“Starting from October 2022, applications for Schengen visa to Germany can only be lodged with the new service provider TLScontact. TLS Application centers in Riyadh, Jeddah and Alkhobar will be at your service,” the German Embassy tweeted.

The TLScontact application centers commenced operations this week, with the Riyadh center operating from Oct. 4, the Jeddah center from Oct. 5, and Alkhobar center from Oct. 6.

Appointments will initially be available in limited numbers.

“We kindly ask for your understanding. If you are planning a trip to Germany in October or November, please book your visa appointment well in advance,” said the embassy.

All applicants who have lodged their applications with VFS Global until the end of September will receive their passports back through VFS Global, as from October onwards, visa applications for Germany can only be lodged through TLScontact.

The mandatory steps to apply for a Schengen visa include completing the Videx form; registering on the TLS website; preparing supporting documents and making an appointment; submitting an application and providing biometric data at the application center, and returning to the center to collect the passport. The applicant can also use express courier service.

For more information concerning locations, opening hours, and booking of appointments, applicants can see the webpage of TLScontact https://visas-de.tlscontact.com/visa/sa


Red Sea Film Festival audiences get rare chance to see classic Egyptian musicals on big screen

Red Sea Film Festival audiences get rare chance to see classic Egyptian musicals on big screen
Updated 06 October 2022

Red Sea Film Festival audiences get rare chance to see classic Egyptian musicals on big screen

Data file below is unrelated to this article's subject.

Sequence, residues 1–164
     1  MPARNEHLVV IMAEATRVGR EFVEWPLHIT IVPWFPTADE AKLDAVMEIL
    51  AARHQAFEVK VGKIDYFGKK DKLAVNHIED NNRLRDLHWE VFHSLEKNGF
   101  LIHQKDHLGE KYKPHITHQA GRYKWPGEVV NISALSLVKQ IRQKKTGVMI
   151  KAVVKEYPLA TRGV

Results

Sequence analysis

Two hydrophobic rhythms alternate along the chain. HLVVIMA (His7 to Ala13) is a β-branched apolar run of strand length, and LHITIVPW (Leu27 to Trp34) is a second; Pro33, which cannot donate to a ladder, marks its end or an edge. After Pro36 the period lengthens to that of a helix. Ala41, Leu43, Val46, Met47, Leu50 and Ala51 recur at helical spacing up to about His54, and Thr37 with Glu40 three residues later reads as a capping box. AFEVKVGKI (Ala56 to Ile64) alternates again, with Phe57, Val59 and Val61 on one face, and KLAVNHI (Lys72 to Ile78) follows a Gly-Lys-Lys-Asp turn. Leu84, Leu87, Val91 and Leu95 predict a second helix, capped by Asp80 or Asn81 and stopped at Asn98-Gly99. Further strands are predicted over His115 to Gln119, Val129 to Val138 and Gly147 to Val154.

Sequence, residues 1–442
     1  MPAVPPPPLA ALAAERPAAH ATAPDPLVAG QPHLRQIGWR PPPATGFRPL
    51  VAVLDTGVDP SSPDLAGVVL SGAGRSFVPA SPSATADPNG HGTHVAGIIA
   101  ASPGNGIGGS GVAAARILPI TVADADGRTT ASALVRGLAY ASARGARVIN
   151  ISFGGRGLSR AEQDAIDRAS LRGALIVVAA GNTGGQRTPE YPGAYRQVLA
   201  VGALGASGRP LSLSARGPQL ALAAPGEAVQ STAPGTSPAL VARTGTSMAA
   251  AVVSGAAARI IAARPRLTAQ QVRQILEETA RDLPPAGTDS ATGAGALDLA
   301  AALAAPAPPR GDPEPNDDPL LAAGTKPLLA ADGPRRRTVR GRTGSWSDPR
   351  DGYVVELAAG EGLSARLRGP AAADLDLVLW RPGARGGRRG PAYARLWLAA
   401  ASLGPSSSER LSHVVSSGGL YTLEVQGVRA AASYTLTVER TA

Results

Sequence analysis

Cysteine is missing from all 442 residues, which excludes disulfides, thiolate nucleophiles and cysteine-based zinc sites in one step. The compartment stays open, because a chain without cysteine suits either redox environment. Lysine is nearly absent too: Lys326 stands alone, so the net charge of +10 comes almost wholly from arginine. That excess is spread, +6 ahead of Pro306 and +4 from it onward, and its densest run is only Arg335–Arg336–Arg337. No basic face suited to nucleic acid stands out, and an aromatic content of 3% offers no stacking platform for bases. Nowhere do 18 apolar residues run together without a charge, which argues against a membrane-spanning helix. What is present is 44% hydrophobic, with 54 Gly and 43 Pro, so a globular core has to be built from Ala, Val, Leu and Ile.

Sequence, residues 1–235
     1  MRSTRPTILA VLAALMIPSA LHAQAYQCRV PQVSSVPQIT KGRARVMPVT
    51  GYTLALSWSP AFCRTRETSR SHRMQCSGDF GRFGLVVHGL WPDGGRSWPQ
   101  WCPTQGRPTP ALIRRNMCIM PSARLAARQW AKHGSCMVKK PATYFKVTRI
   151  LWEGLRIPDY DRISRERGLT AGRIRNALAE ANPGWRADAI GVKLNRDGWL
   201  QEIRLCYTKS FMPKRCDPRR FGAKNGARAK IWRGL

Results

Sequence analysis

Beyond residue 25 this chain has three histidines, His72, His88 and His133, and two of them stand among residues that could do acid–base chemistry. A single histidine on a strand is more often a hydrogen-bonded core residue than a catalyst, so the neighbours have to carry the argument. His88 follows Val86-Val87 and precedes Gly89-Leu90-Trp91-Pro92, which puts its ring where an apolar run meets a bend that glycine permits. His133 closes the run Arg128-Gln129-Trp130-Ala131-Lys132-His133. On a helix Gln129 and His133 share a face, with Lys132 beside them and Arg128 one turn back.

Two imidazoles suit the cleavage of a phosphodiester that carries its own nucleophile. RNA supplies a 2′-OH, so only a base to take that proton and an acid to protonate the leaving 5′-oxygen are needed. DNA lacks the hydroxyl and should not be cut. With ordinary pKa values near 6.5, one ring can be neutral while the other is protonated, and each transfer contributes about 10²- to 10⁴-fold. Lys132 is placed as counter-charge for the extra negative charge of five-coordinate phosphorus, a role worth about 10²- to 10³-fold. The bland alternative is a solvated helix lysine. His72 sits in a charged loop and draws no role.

Red Sea Film Festival audiences get rare chance to see classic Egyptian musicals on big screen
  • Organizers have announced restored versions of ‘Watch Out for Zouzou’ and ‘Love in Karnak’ will screen during the 10-day celebration of regional and international cinema

JEDDAH: Movie lovers can look forward to screenings of restored versions two classics of Egyptian musical cinema during the second Red Sea International Film Festival in Jeddah in December.

In collaboration with the Arab Radio and Television Network, the Egyptian Ministry of Culture’s investment holding company for cinema, and Media Production City in Egypt, the festival will showcase on the big screen for an international audience 1972’s “Khali Balak min Zouzou” (“Watch Out for Zouzou”) and 1967’s “Gharam fil Karnak” (“Love in Karnak”).

Mohammed Al-Turki, the CEO of the Red Sea International Film Festival, told Arab News: “Today, our accomplishment is two gems richer with ‘Watch Out for Zouzou’ and ‘Love in Karnak,’ films that do not only represent major milestones in the history of Egyptian cinema but stand as shining testaments to the brilliance of great artists such as the ‘Cinderella of Egyptian Cinema,’ the late (actress) Soad Hosny, and the multi-talented performer, Mahmoud Reda.”

Reda, who died in 2020, was an iconic Egyptian choreographer and the creative mind behind fantastical dance routines in a number of films, including “Agazet Nus El-Sana” (“Mid-term Vacation”) and “Harami El-Waraqa” (“The Lottery Ticket Thief”).

Antoine Khalife, RSIFF’s director of Arab Programs and Film Classics, told Arab News: “We wanted to pay homage to the great choreographer Mahmoud Reda, who died during the (pandemic) period, and the restoration of ‘Gharam fil Karnak’ is a love letter from the Red Sea for this exceptional artist who made contemporary Egyptian dance shine throughout the world.”

In “Love in Karnak,” Reda’s dance sequences are key to the plot as a group of young dancers try to hit the big time in the entertainment industry while struggling to make ends meet. Meanwhile, lead dancer Amina and the troupe’s director, Salah, start to develop romantic feelings for each other, which results in a series of misunderstandings that complicates matters for everyone.